Tangible imaginations: community, print culture, and American identity in Philadelphia, 1764 - 1776

O'Donnell, Angel-Luke
Tangible imaginations: community, print culture, and American identity in Philadelphia, 1764 - 1776. PhD thesis, University of Liverpool.

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My doctoral project examines the role that serials and printed ephemera played in animating ordinary Philadelphians into revolutionary action. I am interested in the intellectual life of historically inarticulate peoples, and I argue that the moments of intersection between crowds and texts recorded how American colonists contributed their own thoughts toward erudite theories surrounding representative government, liberty, and commercial networks. The central research question asks: what role did texts play in the transformation of British subjects into dissident Americans? Where earlier studies of the Revolution have emphasized either radical argumentation or revolutionary activity, I show how the material text functioned as a vital intermediary by creating a persuasive ideal of the American identity through the physical ubiquity of colonial prints, the distillation of printed ideas into imitable action, the reiteration of instructive texts through public performances, and a consistent message across all media of the virtue and necessity of an American community. In so doing, the thesis no less crucially explores print materials and modes of reader reception deemed relatively inaccessible in previous studies of reading in America. The project concludes by looking forward toward the sectionalism of the nineteenth century arguing that print created a perception of unity without a meaningful unification of the divergent regional practices.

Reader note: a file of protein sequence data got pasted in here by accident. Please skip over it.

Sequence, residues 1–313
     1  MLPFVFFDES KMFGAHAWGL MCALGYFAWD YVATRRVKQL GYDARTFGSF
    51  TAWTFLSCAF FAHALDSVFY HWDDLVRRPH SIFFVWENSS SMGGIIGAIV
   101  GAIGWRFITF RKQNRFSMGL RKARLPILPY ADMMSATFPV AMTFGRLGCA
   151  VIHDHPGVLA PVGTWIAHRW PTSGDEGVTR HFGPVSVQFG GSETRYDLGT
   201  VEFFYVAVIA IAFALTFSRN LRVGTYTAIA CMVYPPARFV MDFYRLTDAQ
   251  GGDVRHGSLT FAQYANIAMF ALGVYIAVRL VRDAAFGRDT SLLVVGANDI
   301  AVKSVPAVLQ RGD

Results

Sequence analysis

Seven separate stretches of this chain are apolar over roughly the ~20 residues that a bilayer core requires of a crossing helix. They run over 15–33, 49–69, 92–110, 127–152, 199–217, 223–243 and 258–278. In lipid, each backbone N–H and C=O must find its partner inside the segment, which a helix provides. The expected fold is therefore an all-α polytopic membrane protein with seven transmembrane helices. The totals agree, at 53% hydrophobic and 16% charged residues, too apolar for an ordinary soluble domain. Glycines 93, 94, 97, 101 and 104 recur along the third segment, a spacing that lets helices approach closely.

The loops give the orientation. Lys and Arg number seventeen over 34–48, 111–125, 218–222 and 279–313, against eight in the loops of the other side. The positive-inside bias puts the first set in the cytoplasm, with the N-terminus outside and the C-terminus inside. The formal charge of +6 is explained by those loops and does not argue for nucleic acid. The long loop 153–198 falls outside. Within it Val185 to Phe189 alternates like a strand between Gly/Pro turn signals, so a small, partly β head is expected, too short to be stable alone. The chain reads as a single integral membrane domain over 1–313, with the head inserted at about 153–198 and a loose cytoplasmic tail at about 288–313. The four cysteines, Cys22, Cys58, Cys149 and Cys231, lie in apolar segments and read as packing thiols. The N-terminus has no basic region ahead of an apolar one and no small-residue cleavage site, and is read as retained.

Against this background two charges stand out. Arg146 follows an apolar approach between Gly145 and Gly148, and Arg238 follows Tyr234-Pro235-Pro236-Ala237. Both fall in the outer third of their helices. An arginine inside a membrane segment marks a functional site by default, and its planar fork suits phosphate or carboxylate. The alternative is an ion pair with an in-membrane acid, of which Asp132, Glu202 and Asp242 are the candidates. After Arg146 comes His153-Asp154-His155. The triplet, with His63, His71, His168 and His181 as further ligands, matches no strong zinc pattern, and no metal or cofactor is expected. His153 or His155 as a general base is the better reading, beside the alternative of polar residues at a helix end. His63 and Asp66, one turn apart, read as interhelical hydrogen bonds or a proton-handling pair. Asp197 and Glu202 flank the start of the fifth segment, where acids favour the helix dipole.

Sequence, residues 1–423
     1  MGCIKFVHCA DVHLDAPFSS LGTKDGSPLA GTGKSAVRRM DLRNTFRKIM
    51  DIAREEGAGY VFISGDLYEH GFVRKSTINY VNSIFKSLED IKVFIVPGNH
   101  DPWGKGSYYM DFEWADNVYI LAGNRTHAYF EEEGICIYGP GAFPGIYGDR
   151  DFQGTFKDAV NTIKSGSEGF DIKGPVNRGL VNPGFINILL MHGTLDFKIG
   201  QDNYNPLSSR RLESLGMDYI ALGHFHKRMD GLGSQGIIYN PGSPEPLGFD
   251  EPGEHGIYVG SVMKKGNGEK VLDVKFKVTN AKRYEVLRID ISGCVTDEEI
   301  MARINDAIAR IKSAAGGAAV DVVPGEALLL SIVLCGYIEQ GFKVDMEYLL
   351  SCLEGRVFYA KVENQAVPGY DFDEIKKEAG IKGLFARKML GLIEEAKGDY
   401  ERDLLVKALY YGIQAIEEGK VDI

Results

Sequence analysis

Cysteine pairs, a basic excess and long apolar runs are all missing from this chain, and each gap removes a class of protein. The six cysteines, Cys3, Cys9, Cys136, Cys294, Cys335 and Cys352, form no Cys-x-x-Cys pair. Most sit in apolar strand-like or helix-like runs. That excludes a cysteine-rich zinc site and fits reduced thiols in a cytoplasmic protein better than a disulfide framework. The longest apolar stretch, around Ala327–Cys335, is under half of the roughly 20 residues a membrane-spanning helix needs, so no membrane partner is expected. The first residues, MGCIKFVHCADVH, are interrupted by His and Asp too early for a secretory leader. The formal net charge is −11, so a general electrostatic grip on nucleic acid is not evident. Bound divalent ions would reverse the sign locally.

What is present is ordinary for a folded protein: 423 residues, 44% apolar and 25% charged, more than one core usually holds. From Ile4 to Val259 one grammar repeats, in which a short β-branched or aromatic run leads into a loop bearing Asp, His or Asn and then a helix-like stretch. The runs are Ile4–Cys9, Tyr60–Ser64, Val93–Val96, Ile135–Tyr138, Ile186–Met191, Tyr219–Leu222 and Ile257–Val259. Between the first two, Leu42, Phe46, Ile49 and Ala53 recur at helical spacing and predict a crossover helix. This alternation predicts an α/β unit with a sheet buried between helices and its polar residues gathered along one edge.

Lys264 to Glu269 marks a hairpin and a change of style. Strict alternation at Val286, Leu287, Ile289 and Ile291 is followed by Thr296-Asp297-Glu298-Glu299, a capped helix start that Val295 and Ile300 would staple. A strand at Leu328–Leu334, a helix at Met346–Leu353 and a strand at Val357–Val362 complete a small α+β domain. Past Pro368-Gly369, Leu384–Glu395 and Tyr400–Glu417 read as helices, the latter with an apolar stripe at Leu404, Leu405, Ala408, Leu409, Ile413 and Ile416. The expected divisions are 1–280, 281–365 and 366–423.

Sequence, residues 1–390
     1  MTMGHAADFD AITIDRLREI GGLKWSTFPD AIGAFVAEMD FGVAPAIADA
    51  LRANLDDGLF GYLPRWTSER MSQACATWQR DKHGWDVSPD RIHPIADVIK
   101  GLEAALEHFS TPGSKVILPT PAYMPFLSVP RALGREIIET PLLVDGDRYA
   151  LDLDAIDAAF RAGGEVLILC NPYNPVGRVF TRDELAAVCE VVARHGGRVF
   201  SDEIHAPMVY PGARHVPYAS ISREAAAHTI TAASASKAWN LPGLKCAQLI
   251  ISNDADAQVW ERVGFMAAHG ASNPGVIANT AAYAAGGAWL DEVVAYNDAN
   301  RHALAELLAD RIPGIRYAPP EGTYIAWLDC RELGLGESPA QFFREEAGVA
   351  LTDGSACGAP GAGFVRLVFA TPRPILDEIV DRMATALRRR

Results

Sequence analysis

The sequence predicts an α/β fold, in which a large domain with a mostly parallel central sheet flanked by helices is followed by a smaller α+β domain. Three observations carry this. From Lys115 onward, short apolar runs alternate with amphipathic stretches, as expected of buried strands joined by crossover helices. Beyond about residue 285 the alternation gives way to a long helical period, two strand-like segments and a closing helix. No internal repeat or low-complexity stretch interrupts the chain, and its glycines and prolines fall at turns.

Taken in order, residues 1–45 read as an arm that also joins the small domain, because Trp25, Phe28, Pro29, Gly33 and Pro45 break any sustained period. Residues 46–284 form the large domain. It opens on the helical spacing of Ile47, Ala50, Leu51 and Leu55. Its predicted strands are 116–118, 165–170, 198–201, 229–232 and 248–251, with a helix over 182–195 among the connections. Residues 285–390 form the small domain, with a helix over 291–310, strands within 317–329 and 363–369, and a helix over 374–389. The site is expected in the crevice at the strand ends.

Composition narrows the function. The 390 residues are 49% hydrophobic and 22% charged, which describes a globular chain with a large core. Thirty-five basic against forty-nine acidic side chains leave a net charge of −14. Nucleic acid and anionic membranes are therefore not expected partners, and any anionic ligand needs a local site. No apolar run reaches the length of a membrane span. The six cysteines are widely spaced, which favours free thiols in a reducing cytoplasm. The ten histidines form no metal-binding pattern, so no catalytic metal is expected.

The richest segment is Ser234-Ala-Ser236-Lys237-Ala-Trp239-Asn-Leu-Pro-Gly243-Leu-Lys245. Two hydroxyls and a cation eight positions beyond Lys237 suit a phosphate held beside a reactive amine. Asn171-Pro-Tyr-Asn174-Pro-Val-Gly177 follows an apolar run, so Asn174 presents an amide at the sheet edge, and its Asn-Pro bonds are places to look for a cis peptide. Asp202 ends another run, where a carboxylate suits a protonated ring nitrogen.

Item Type: Thesis (PhD)
Additional Information: Date: 2015-08 (completed)
Subjects: ?? E151 ??
Depositing User: Symplectic Admin
Date Deposited: 22 Jan 2016 15:03
Last Modified: 17 Dec 2022 01:33
DOI: 10.17638/02032683
URI: https://livrepository.liverpool.ac.uk/id/eprint/2032683